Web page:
Censoring climate science does not make sense October 27, 2011 : 7:05 PM

Censoring science for political reasons, simply limits public knowledge, not the impact of the climate crisis. Fast Company reports:

“Scientists associated with a major study of environmental changes in the low-lying coastal region around Galveston, Texas, have withdrawn their names from the final report after high-level officials appointed by Governor Rick Perry removed references to sea level rise and climate change from the document.””

“According to an article in Mother Jones, the scientists had already tried to make their work more palatable to a wide audience by minimizing references to human impacts on climate, limiting most of their analyses to historical rates of local shoreline submergence, sediment deposition by rivers, land subsidence, and the like. Nonetheless, their findings were still unacceptable to the Texas Commission on Environmental Quality, in keeping with the Perry administration's claims that human-driven climate change is a hoax.”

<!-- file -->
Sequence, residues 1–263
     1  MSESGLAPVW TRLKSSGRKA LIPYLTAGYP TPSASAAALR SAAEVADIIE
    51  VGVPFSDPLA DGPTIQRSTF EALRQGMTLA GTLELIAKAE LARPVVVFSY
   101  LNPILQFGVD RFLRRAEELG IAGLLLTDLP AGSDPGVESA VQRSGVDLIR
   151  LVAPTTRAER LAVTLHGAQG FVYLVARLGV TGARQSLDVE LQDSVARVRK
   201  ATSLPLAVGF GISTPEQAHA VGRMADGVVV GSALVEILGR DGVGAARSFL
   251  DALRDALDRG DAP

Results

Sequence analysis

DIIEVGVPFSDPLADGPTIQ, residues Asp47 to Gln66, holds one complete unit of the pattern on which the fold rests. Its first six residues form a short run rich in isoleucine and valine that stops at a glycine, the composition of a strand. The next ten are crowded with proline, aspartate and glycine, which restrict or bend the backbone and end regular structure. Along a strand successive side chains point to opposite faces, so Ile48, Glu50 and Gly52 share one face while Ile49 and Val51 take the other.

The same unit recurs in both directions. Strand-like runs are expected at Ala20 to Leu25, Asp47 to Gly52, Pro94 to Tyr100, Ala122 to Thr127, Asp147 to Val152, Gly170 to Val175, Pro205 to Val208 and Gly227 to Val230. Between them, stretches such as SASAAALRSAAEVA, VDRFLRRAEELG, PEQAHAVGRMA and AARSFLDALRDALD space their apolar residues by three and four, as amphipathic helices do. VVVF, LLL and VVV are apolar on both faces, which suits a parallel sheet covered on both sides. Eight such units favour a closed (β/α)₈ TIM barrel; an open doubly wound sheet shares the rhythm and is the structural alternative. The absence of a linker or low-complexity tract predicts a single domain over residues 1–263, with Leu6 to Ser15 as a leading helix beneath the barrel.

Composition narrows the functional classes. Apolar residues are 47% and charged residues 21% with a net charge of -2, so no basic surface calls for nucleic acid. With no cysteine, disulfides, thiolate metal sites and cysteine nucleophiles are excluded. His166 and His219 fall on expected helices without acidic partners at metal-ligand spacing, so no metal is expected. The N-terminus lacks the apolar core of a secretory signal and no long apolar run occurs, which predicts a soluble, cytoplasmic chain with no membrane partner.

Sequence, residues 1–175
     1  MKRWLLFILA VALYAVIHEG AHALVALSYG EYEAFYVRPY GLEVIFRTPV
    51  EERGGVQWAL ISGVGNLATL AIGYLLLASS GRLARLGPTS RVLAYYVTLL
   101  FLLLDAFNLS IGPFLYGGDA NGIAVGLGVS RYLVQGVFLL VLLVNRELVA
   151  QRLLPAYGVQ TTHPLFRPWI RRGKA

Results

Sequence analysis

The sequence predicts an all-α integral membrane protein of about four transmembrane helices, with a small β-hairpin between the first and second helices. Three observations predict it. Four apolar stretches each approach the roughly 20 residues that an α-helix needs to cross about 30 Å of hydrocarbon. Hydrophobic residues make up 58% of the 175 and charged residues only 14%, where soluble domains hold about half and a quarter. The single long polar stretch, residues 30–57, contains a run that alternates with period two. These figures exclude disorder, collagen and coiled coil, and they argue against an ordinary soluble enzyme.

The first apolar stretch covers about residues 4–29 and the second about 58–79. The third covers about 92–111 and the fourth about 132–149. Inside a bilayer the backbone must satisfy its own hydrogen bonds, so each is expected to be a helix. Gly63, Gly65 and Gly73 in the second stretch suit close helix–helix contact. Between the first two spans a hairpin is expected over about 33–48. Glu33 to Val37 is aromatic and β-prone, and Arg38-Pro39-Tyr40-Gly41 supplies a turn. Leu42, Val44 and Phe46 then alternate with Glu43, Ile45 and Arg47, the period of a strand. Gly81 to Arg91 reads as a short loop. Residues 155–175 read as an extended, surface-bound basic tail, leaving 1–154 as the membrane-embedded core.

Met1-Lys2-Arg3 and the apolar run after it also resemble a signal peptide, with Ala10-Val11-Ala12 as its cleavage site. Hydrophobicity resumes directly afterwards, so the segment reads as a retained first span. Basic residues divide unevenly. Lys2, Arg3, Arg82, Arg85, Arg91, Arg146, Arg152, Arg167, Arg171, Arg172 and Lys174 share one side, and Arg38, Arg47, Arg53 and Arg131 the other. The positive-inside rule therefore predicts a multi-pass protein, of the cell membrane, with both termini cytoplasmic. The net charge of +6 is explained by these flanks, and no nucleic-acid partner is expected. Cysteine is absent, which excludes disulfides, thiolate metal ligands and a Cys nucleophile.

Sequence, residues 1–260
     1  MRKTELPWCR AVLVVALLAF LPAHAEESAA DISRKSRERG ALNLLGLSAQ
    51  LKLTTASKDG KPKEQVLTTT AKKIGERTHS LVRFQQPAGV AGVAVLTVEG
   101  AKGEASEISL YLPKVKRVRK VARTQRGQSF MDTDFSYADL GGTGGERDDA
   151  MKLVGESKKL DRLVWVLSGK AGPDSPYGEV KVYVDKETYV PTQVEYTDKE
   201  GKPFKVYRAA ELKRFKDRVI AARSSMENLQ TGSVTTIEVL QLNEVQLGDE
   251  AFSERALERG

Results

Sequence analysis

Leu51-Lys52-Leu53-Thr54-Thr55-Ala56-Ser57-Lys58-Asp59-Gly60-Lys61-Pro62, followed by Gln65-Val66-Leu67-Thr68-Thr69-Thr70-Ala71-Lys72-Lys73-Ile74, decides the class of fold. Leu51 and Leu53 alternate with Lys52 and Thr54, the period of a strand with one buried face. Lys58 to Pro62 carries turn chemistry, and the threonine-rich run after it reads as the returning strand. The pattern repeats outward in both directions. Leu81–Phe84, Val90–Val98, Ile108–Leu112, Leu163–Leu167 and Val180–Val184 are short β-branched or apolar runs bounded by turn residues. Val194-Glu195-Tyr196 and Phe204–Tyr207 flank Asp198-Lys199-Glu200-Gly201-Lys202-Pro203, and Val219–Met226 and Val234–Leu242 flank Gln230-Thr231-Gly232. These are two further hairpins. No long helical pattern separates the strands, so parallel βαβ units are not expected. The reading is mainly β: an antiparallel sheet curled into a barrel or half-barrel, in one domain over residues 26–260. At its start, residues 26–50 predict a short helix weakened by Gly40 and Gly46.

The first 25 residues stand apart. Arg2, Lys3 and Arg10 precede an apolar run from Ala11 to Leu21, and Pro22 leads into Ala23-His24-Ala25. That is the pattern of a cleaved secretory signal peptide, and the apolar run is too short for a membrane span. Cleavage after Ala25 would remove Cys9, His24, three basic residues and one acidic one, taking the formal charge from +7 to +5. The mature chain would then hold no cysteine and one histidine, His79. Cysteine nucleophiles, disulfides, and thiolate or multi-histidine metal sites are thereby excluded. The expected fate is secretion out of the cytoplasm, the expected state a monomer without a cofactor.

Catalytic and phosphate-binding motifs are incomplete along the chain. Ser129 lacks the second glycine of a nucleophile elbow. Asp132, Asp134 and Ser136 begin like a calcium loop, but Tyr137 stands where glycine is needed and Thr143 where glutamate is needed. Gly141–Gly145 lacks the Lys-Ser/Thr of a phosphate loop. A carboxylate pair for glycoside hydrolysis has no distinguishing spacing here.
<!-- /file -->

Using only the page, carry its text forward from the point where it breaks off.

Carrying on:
“The report in question was intended to help Texas cope with serious problems that affect the entire Gulf Coast. It was based upon a peer-reviewed paper that appeared in a major journal in 2008. That paper even contained information that might appeal to those who deny human impacts on climate, including cases in the geologic past when purely natural climatic changes caused coastal flooding, and evidence that today's rapid advance of the sea in the Galveston estuary is not only due to sea level rise but also to land subsidence. Then again, that rapid coastal subsidence is largely due to oil, gas, and water extraction--and admitting that also runs afoul of the Perry administration's story lines.”